Private placement: What companies should be preemptively aware of

By Devanesan Evanson


PRIVATE placement exercises have been in the radar lately in view of the increased private placement activities among PLCs to raise cash by selling shares to pre-identified and undisclosed investors.

According to data compiled by Bloomberg, Bursa Malaysia saw 151 deals in the first nine months of 2020, compared with 76 in the same period for 2019.

For cash-strapped companies, private placements allow them to raise cash quickly from investors, even though they may get lower valuations compared to raising funds through the capital market.

And given its faster execution process compared with other fund-raising methods, i.e., minimal regulatory requirements such as a prospectus or disclosure of detailed financial information – it is not surprising that private placement is becoming the method of choice for PLCs.

However, earnings dilution awaits minority shareholders as they are not included in the placement process. There is also the risk of future speculation on the shares, and minority shareholders often do not know the identity of the placees.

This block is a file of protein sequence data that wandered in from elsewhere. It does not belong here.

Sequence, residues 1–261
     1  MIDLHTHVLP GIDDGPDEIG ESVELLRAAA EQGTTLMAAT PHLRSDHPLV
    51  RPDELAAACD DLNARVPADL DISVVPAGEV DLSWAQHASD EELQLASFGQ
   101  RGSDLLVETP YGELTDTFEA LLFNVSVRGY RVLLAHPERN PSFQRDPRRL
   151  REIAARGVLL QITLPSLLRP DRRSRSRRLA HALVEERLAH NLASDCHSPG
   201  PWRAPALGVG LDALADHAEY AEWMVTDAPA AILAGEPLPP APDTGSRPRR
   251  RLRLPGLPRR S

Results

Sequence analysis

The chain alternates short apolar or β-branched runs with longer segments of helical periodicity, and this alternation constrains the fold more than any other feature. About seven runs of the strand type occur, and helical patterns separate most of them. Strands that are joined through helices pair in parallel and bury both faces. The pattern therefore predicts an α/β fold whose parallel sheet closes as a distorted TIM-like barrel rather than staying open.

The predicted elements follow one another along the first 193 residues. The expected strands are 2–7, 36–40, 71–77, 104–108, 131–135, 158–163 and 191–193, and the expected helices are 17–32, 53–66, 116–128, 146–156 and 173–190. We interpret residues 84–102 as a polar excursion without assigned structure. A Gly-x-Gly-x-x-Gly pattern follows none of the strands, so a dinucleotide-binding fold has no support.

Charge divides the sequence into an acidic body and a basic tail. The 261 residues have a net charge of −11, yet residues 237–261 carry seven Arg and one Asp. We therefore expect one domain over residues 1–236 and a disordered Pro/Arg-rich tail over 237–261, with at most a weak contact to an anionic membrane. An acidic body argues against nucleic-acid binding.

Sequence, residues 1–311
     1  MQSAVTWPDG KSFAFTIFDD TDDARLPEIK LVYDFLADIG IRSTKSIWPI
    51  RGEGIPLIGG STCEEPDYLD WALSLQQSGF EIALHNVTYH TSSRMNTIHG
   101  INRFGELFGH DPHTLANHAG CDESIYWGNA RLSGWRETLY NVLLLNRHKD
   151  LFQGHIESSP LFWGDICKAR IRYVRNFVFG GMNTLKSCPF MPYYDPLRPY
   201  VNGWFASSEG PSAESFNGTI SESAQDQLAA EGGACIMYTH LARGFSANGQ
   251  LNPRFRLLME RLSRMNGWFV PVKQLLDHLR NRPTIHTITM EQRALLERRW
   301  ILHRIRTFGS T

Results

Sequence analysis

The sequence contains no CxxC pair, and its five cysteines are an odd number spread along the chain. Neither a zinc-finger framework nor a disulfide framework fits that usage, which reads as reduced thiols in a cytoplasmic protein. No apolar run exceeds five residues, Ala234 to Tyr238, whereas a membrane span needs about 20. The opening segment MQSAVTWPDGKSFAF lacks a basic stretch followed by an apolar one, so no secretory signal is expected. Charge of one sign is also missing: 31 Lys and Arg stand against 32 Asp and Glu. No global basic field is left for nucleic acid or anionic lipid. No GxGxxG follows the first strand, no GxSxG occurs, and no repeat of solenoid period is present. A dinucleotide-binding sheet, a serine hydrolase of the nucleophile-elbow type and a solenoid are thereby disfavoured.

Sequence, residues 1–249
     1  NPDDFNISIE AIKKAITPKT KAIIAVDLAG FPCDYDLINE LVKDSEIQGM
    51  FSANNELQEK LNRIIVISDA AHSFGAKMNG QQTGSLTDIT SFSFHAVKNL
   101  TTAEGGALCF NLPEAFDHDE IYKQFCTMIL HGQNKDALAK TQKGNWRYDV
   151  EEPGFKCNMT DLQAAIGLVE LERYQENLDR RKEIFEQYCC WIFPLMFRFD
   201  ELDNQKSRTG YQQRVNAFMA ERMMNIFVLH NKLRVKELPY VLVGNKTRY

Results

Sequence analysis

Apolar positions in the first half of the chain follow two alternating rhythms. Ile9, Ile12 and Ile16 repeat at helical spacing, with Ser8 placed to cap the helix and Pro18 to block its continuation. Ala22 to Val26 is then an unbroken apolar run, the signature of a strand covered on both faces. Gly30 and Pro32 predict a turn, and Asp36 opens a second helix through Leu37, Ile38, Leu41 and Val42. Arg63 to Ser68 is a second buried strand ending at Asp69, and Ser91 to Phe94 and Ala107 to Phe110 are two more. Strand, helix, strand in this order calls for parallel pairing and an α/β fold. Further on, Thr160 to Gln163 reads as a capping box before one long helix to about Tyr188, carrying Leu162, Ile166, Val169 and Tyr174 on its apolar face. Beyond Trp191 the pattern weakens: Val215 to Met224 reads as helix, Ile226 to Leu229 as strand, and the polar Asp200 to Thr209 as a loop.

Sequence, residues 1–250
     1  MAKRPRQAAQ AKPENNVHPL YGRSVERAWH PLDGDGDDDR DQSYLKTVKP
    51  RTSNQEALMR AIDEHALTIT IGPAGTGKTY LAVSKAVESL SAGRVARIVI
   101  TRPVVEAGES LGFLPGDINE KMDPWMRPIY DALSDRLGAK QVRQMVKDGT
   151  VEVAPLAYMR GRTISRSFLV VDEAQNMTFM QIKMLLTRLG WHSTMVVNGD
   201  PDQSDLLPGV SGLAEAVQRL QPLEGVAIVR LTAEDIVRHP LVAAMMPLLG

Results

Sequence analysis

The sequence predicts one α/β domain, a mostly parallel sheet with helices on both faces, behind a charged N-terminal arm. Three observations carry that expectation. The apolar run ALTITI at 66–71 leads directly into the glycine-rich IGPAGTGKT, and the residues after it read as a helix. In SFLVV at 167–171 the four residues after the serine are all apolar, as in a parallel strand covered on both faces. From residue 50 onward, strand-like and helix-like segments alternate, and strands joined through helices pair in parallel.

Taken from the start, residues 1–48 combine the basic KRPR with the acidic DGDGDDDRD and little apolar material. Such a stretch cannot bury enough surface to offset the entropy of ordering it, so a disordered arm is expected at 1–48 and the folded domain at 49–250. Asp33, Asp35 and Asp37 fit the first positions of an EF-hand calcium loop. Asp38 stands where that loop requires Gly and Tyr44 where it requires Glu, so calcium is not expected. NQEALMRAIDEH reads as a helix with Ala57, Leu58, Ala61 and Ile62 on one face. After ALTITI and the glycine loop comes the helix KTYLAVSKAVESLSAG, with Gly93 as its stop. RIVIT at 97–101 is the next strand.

Under Chapter 6.15 of Bursa Securities Listing Requirements, the principal adviser that is appointed by the PLCs to submit the additional listing application of new shares to Bursa Malaysia will also submit the final list of placees to the exchange.  However, this information need not be disclosed or announced publicly by the PLCs.

AirAsia’s private placement

Let’s examine AirAsia Group Bhd’s private placement exercise which has been hogging the headlines recently.

In January this year, AirAsia proposed to raise up to RM454 mil (assuming indicative issue price of 68 sen) via private placement of up to 20% of its share capital to third party investor(s) to address the group’s immediate cash flow requirements.

The exercise which is expected to be completed by 1Q FY2021 will increase AirAsia’s share base to four billion shares from the existing 3.3 billion.

On Feb 19 (Friday), AirAsia completed the first tranche of its proposed private placement comprising 369.8 million new shares or 11% of its pre-exercise share base at an issue price of 67.5 sen. The issuance raised proceeds of about RM250 mil.

Subsequently, Hong Kong investor Stanley Choi Chiu Fai emerged as a substantial shareholder of AirAsia after acquiring 167.1 million shares or a 4.17% stake through the private placement exercise. This brings his accumulated stake in AirAsia to 332.5 million shares or 8.96%.

Before the placement at 67.5 sen per share was announced, AirAsia was hovering around 70 sen – 80 sen.

On Feb 232, two days after AirAsia’s announcement on completion of the first tranche placement, the budget carrier’s share price surged as much as 14 sen or 17.17% to an intraday high of 95.5 sen, from the closing price of 81.5 sen the day before.

Shares of AirAsia closed at 95 sen on Feb 23, 2021.  

The rise in share price has obviously widened the discount between price of placement shares and market price.